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Beckenbauer admits 2006 World Cup 'mistake' but 'no votes bought'

German football icon Franz Beckenbauer has admitted that a mistake was made in the run-up to the 2006 World Cup. However, as the head of Germany's successful bid for the event, he said no votes were bought.

Franz Beckenbauer, who was president of the organizing committee for the 2006 World Cup, has

again denied that the German bid used illicit funds to land the tournament.

In a statement released on Monday by the management company that represents him, Beckenbauer asserted that "no votes were bought to win the right to host the 2006 World Cup."

Instead, Beckenbauer appeared to back up a claim by

DFB (German FA) President Wolfgang Niersbach,

who told reporters at a press conference in Frankfurt last Thursday that a payment of 10 million Swiss francs (6.7 million euros, $7.6 million) had been used to unlock FIFA subsidies for organizing the tournament.

Watch video 01:31

Niersbach: No buying of votes

Beckenbauer had previously denied that any votes were bought, but in Monday's statement, he conceded that the organizing committee had made a mistake.

"In order to receive a financial subsidy from FIFA, it was agreed to accept a recommendation from FIFA's Finance Committee, which from today's perspective, should have been rejected," Beckenbauer said.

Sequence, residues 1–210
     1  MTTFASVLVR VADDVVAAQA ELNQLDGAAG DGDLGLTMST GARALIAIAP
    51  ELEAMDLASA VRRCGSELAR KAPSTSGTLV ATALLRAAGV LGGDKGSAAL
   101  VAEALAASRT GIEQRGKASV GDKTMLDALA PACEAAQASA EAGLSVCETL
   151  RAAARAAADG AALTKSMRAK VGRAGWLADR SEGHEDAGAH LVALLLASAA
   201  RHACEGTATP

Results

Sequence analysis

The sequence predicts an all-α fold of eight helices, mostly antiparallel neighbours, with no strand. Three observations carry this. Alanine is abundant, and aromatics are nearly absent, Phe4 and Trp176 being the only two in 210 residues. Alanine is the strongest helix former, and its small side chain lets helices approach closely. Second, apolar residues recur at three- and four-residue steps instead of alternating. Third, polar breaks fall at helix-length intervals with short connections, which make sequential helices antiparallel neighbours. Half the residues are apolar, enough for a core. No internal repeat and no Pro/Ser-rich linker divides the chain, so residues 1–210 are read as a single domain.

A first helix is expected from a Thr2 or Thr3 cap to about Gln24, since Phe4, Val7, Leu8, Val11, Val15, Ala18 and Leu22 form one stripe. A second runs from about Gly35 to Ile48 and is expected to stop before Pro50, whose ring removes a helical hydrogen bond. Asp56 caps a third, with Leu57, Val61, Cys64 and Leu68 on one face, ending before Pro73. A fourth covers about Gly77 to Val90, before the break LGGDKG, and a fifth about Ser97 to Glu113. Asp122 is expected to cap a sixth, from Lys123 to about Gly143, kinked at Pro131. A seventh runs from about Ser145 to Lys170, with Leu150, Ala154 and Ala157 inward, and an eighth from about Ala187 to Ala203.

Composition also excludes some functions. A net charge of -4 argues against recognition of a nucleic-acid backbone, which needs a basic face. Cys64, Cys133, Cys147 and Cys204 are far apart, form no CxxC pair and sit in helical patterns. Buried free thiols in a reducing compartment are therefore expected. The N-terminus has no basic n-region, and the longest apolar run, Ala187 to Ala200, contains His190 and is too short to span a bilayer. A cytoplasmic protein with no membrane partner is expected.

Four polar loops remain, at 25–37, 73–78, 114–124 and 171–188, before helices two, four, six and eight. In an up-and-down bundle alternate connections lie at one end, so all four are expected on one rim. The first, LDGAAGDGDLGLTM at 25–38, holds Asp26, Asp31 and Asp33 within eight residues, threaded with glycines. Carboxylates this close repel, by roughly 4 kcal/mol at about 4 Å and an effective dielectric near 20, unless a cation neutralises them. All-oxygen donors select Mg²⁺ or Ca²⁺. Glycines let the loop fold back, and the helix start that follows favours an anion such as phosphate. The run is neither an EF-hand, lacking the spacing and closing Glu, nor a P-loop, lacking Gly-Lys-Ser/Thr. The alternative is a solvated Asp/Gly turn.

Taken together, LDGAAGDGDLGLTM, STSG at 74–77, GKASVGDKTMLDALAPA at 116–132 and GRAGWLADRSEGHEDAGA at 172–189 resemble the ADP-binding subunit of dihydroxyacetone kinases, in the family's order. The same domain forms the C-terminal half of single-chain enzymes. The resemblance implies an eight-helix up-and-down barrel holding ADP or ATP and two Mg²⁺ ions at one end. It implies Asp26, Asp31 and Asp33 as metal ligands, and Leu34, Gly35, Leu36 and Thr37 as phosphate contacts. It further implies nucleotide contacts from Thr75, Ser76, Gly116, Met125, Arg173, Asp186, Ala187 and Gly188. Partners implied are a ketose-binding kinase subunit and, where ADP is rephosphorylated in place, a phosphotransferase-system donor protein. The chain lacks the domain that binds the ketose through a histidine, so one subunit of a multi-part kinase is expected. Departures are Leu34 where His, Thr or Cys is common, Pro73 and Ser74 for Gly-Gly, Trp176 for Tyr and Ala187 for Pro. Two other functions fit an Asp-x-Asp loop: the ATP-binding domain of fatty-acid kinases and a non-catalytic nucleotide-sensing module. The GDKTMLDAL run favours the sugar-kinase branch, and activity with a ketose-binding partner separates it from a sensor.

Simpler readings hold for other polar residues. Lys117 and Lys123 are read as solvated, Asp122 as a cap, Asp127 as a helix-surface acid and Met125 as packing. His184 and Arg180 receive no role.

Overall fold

"As the president of the organizing committee, I take responsibility for this error," he added.

Beckenbauer said he had made these statements during questioning by investigators from an outside firm that is looking into allegations of wrongdoing at the DFB in connection with the bidding process.

He added that he would not make any further statements so as not to hinder the work of the external investigation.

Vote-buying allegations

Beckenbauer's statement comes at a time when German football has been rocked by allegations first published in the online edition of "Spiegel" newsmagazine more than a week ago, in which it reported that a 2005 payment of 6.7 million euros made by the World Cup's organizing committee was to reimburse the late former Adidas CEO, Robert Louis-Dreyfus for a loan of 10 million Swiss francs in 2000. The report cited unnamed sources who said the money had been used to buy the votes of four Asian members of FIFA's Executive Committee, helping Germany win the right to host the 2006 tournament.

However, Niersbach has denied this, saying that the original payment from Dreyfus wasn't made until 2002, long after Germany had been awarded the World Cup. There were "no slush funds, no votes were bought," Niersbach asserted at last Thursday's press conference.

The DFB has hired the law firm Freshfields Bruckhaus Deringer to investigate the matter.

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